It’s quite a lineup. Squeezed into the parking bays in front of Jaguar Land Rover’s Classic Works base near Coventry, England, are examples of every generation of Range Rover built since 1970.
There’s more than 50 years of history here. Follow the timeline and you’ll discover more than progression of design and engineering; this is the story of Land Rover itself. In those five decades the British brand has had four different owners, yet despite this the course of the Range Rover has remained remarkably true.
There’s a constant in the form of the car’s silhouette, essentially a large glass house perched atop the main body. With changes in crash safety legislation, design trends, and technology the king of British SUVs has moved on with each new coronation, but there’s still no mistaking a Range Rover for any other vehicle on the road.
The Range Rover story
The opportunity to drive all five generations back-to-back and tell the Range Rover story from behind the wheel is a rare privilege. I’ll begin at the beginning.
Rather than the first chapter in the Range Rover story, the 1970 Rover Velar is more of a prologue. In the early 1960s Land Rover’s engineers first contemplated the idea of a more luxurious all-terrain vehicle. Almost simultaneously, parent company Rover was doing market research in the U.S.A. which revealed the Americans’ hunger for large station wagons with off-road ability.
The design for a Road Rover concept with a 100-inch wheelbase, coil-spring suspension that would self-level, a V-8 engine, and all-round disc brakes was cooked up during a pub lunch between engineer Spen King and his colleagues. By the end of the decade some 28 pre-production vehicles had been built.
To maintain secrecy Rover created a fictional firm named Velar (Italian for “veil”) and based in London. It was that moniker which would adorn the test cars, including the Tuscan Blue car to which I have been handed the keys.
First registered in March 1970, some three months before the Range Rover was officially launched, it is the 17th prototype built. After fulfilling its duties it was bought by Land Rover engineer Geoff Millar, who owned it until 2018. It’s still fitted with several features that never made production, including a plush-upholstered center-storage box, hood support struts, a rear wiper, and floor mats, but it is otherwise very close to the ground-breaking, original Range Rover.
When it first hit the roads of Britain, took part in hill rallies in Wales, and hot-weather testing in Spain, this Velar wouldn’t have worn the Land Rover stickers that it does today, but otherwise all is as it was. Did designer David Bache know that he’d penned such an iconic shape? Its simplicity is its strength. To my eyes, it’s the best-looking car in the lineup.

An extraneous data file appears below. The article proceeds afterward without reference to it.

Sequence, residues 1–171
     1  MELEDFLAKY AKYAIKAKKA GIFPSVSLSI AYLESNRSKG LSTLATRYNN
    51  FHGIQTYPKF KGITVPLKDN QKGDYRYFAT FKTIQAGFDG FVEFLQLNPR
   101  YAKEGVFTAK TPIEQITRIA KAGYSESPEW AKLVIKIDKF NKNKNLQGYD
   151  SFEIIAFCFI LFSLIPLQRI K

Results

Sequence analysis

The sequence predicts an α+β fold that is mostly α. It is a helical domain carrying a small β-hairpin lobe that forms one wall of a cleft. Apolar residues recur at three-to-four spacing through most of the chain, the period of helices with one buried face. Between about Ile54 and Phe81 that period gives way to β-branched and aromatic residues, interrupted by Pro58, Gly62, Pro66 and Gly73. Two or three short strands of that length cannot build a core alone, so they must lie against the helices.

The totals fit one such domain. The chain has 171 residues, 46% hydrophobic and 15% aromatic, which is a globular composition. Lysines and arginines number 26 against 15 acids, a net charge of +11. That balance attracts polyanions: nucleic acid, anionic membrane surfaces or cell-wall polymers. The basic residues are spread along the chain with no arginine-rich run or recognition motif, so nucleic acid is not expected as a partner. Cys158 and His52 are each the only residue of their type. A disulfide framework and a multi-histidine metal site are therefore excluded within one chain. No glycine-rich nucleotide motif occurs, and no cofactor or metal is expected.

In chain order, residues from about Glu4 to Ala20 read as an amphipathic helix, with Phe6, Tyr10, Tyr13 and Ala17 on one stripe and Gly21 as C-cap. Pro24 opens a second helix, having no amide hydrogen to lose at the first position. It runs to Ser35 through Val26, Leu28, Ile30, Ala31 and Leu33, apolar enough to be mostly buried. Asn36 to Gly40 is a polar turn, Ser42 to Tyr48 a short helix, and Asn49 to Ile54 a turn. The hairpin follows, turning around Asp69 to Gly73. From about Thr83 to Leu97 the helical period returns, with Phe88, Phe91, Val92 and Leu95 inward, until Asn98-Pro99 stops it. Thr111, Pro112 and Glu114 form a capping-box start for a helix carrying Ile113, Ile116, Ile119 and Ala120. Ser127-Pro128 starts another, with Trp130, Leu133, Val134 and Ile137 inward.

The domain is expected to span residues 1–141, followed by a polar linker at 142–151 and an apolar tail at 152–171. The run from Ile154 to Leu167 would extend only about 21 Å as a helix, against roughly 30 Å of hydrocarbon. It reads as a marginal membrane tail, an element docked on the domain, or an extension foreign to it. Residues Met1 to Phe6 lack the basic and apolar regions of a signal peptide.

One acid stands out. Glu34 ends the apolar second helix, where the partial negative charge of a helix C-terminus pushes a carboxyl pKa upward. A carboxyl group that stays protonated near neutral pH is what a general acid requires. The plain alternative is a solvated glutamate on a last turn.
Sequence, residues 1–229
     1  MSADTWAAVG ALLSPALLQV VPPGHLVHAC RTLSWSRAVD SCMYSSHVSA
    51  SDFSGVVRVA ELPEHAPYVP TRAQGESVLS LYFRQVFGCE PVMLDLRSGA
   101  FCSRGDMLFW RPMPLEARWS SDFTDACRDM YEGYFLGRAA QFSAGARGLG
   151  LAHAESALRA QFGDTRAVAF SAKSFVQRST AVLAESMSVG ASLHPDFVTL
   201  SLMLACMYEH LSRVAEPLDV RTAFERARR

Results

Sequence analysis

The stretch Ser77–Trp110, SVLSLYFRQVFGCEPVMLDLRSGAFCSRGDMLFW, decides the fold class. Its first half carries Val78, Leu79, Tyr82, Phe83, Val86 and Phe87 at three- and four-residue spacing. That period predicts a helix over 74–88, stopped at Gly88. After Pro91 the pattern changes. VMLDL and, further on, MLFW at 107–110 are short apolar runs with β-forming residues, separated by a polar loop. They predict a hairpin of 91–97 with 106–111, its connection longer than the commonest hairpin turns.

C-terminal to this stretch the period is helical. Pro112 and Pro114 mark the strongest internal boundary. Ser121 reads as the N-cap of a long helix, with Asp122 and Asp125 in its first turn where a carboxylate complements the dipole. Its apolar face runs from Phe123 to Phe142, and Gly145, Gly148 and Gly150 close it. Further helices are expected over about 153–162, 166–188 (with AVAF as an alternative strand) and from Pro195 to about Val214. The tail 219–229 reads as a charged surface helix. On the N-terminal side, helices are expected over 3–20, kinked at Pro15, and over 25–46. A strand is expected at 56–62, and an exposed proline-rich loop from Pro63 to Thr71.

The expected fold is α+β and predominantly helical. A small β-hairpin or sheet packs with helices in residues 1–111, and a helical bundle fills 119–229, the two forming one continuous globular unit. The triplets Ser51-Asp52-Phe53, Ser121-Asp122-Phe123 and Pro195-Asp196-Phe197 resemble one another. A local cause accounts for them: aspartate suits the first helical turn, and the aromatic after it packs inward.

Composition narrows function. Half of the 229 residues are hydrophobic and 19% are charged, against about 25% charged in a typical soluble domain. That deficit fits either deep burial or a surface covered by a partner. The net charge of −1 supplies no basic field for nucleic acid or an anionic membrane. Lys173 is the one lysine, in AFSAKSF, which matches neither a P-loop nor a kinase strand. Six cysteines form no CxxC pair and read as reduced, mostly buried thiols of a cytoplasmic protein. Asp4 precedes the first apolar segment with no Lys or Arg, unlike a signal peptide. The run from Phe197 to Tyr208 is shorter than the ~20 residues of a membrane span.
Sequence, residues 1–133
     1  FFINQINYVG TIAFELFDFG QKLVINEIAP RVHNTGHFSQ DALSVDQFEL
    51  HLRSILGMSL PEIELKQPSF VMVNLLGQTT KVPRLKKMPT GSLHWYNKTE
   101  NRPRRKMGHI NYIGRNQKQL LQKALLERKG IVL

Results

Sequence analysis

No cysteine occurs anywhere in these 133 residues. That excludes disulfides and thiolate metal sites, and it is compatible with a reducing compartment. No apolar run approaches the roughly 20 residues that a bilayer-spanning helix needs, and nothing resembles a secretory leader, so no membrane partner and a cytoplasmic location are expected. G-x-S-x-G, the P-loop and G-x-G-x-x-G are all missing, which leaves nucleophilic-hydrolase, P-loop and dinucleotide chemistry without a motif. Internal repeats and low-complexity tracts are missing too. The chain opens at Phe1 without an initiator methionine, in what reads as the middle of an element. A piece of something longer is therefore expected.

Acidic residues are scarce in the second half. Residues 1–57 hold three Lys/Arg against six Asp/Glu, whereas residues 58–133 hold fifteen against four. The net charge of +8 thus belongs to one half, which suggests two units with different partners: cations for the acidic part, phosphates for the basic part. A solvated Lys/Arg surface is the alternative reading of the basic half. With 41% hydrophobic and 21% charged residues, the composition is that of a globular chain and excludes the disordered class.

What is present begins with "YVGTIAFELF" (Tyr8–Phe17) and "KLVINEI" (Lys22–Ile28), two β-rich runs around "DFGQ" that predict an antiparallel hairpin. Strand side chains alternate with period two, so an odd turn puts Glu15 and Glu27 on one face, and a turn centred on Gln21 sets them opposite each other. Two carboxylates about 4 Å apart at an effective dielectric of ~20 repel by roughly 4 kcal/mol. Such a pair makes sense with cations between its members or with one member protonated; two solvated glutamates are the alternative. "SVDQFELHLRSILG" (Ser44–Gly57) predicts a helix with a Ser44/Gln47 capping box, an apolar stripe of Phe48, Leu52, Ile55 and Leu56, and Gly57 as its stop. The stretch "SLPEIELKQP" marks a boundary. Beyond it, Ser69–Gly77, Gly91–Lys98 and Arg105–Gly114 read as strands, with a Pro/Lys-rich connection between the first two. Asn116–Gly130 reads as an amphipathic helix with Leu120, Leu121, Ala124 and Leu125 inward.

Climbing aboard, it’s clear that form was secondary to function when it came to the interior. The vast expanse of dashboard is uncluttered aside from heating controls which are somehow just out of reach from the driving seat. The turn-indicator stalk is hidden behind the steering wheel. The great mast of a gear lever requires a stretch, and the handbrake is tucked away below my left knee.
The driving position is almost bus-like: I’m perched over the steering wheel, which gives an unhindered all-round view, one aided by the simply enormous glass area and thin pillars.
The Buick-derived 3.5-liter V-8 fires instantly and settles into a refined idle. First gear slips in easily enough, and we’re off. The other three ratios hate to be hurried, so progress comes in a series of gentle waves—acceleration, coasting, gear engagement, and then another wave—and so on. Despite this, the Velar still feels reasonably brisk, and once into top gear there’s enough torque on tap to not have to keep rowing up and down the gears.
The steering is initially a little heavy at lower speeds, but it soon lightens up. The brakes are comfortably up to their task as well. Weaving through the B-roads of the West Midlands, the Velar doesn’t feel especially big, while at higher speeds the only aural intrusion comes from the wind rushing around the A-pillars. The noise of the engine is really quite subdued even under full acceleration.
What a wonderful and novel way to travel this must have been in 1970. Indeed, the experience was so wonderful that the original Range Rover would stay in production for more than 25 years, beyond even the introduction of its successor.
That car was codenamed P38, after the number of the building where it was designed at Land Rovers’ Lode Lane factory. Replacing a trailblazer that had sold over 300,000 examples was never going to be easy. The original Range Rover had even been put on display at The Louvre in Paris alongside other world-renowned masterpieces.